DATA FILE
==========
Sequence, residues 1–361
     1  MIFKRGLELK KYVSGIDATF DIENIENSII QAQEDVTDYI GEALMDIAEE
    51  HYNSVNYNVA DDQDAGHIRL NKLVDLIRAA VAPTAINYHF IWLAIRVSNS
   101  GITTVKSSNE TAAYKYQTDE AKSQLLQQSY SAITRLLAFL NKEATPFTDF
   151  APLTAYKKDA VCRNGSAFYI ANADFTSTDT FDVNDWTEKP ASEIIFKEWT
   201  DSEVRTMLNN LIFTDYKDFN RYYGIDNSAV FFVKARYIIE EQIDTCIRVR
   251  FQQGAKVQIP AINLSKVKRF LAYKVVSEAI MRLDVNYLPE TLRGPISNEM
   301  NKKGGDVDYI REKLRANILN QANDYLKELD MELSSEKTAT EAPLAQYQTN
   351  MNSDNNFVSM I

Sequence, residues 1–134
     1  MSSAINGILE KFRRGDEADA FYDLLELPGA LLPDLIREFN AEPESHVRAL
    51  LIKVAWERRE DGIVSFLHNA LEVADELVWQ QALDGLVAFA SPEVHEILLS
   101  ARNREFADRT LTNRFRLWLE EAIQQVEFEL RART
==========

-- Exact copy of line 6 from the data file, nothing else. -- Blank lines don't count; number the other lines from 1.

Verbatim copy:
   201  DSEVRTMLNN LIFTDYKDFN RYYGIDNSAV FFVKARYIIE EQIDTCIRVR